$afterFWSEC = Get-NsxFirewallSection | where{$_.managedBy -eq "universalroot-0"} |measure
$removedFWSEC = $countFWSEC.count - $afterFWSEC.count
echo "$($removedFWSEC) object(s) successfully removed."

echo "Removing Universal Firewall Service Groups..."
Get-NsxServiceGroup -scopeid universalroot-0 | Remove-nsxservicegroup -confirm:$false -ErrorAction SilentlyContinue
$afterFWSVG = Get-NsxServiceGroup -scopeid universalroot-0 |measure
$removedFWSVG = $countFWSVG.count - $afterFWSVG.count
echo "$($removedFWSVG) object(s) successfully removed."
echo "$($afterFWSVG.count) object(s) not removed. These are likely read-only service groups and can be ignored."

echo "Removing Universal Firewall Services..."
Get-NsxService -UniversalOnly | Remove-NsxService -confirm:$false -ErrorAction SilentlyContinue
$afterFWSV = Get-NsxService -UniversalOnly |measure
$removedFWSV = $countFWSV.count - $afterFWSV.count
echo "$($removedFWSV) object(s) successfully removed."
echo "$($afterFWSV.count) object(s) not removed. These are likely read-only service groups and can be ignored."

echo "Removing Universal Firewall Security Groups..."
Get-NsxSecurityGroup -scopeid universalroot-0 | Remove-NsxSecurityGroup -confirm:$false
$afterFWSG = Get-NsxSecurityGroup -scopeid universalroot-0 |measure
$removedFWSG = $countFWSG.count - $afterFWSG.count
echo "$($removedFWSG) object(s) successfully removed."

echo "Removing Universal IP Sets..."
Get-NsxIpSet -scopeid universalroot-0 | Remove-NsxIpSet -confirm:$false
$afterIPS = Get-NsxIpSet -scopeid universalroot-0 |measure
$removedIPS = $countIPS.count - $afterIPS.count
echo "$($removedIPS) object(s) successfully removed."

echo "Removing Universal Security Tags..."
Get-NsxSecurityTag | where{$_.isUniversal -eq "true"}|Remove-NsxSecurityTag -Confirm:$false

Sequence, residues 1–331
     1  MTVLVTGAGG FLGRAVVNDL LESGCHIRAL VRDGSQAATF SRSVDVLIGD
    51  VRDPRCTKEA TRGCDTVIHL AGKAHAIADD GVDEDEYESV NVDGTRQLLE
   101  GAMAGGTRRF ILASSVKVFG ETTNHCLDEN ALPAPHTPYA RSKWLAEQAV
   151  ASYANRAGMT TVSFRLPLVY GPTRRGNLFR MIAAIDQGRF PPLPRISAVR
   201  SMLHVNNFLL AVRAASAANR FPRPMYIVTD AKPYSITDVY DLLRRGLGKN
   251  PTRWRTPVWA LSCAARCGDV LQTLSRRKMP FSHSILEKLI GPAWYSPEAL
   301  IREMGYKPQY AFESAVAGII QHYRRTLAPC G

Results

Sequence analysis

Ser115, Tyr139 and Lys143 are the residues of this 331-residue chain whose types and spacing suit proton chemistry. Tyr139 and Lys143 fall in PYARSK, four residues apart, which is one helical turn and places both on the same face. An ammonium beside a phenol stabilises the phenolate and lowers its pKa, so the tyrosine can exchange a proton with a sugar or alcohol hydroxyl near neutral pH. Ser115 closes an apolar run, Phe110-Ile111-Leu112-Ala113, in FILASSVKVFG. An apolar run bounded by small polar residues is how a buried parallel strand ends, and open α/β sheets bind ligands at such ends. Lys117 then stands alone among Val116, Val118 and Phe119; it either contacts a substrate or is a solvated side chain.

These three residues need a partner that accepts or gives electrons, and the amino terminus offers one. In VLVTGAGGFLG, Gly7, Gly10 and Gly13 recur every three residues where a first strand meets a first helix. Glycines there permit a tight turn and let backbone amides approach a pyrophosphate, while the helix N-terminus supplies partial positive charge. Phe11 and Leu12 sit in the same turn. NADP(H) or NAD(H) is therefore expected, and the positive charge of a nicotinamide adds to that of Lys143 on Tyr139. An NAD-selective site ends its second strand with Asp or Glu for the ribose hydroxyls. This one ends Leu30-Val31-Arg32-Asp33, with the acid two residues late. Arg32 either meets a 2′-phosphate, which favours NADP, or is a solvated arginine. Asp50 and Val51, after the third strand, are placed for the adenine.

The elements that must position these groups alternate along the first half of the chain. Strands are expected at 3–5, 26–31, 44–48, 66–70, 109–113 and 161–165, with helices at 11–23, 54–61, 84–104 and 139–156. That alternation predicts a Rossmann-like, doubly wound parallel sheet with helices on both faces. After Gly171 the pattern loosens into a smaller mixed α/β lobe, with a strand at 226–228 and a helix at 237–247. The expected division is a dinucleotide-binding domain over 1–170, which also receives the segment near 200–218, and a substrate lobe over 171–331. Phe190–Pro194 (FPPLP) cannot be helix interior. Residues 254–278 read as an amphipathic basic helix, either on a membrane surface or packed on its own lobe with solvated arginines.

$afterUST = Get-NsxSecurityTag | where{$_.isUniversal -eq "true"}|measure
$removedUST = $countUST.count - $afterUST.count
echo "$($removedUST) object(s) successfully removed."

echo "Removing Universal Transport Zones..."
Get-NsxTransportZone | where{$_.isUniversal -eq "true"}| Remove-NsxTransportZone -Confirm:$false
$afterTZ = Get-NsxTransportZone | where{$_.isUniversal -eq "true"}|measure
$removedTZ = $countTZ.count - $afterTZ.count
echo "$($removedTZ) object(s) successfully removed."

echo "Removing Universal Segment ID Ranges..."
Get-NsxSegmentIdRange |where{$_.isUniversal -eq "true"}|Remove-NsxSegmentIdRange -Confirm:$false
$afterSID = Get-NsxSegmentIdRange |where{$_.isUniversal -eq "true"}|measure
$removedSID = $countSID.count - $afterSID.count
echo "$($removedSID) object(s) successfully removed."

#Finish up
echo " "
echo "Finished!"
echo " "
echo "Total object counts after removal attempt:"
echo " "
echo "Universal Transport Zones: $($afterTZ.count)" 
echo "Universal Segment ID Ranges: $($afterSID.count)"
echo "Universal Logical Routers: $($afterUDLR.count)"
echo "Universal Logical Switches: $($afterULS.count)"
echo "Universal Firewall Sections: $($afterFWSEC.count)"
echo "Universal Firewall Service Groups: $($afterFWSVG.count)"
echo "Universal Firewall Services: $($afterFWSV.count)"
echo "Universal Firewall Security Groups: $($afterFWSG.count)"
echo "Universal IP Sets: $($afterIPS.count)"
echo "Universal Security Tags: $($afterUST.count)"
echo " "
echo "Note: It is expected to see non-zero counts for both Universal Service Groups and Services as there are internal read-only objects that can't be removed. Only user-created objects will be removed using this script. If all other counts are zero, you can now attempt to change the NSX Manager's role from Transit to Standalone."

Below is an example run of the script in my lab environment. I have a transit NSX manager (10.61.0.40) ready for cleanup.

First, I must connect to the Transit NSX manager, and it’s associated vCenter Server. PowerNSX now recommends using the -vCenterServer parameter to automatically connect to the right NSX Manager, so I’ve been using that method:

PS C:\scratch> Connect-NsxServer -vCenterServer vc2.vswitchzero.net

Version             : 6.4.1
BuildNumber         : 8599035
Credential          : System.Management.Automation.PSCredential
Server              : 10.61.0.40
Port                : 443